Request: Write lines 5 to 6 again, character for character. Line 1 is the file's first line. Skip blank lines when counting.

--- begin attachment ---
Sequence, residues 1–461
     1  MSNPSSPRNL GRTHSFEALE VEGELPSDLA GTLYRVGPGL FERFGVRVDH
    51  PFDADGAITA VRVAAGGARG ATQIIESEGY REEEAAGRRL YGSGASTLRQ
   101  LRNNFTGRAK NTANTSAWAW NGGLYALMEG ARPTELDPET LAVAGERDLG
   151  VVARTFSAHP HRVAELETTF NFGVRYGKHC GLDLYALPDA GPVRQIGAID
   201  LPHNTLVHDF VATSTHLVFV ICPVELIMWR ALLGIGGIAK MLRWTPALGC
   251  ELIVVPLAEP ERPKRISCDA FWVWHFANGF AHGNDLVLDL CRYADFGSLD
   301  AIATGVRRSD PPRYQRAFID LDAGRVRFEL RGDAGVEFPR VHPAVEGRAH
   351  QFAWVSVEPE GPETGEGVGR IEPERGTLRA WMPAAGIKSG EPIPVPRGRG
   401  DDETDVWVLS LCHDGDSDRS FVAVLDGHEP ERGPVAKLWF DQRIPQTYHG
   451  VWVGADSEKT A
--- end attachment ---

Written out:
   151  VVARTFSAHP HRVAELETTF NFGVRYGKHC GLDLYALPDA GPVRQIGAID
   201  LPHNTLVHDF VATSTHLVFV ICPVELIMWR ALLGIGGIAK MLRWTPALGC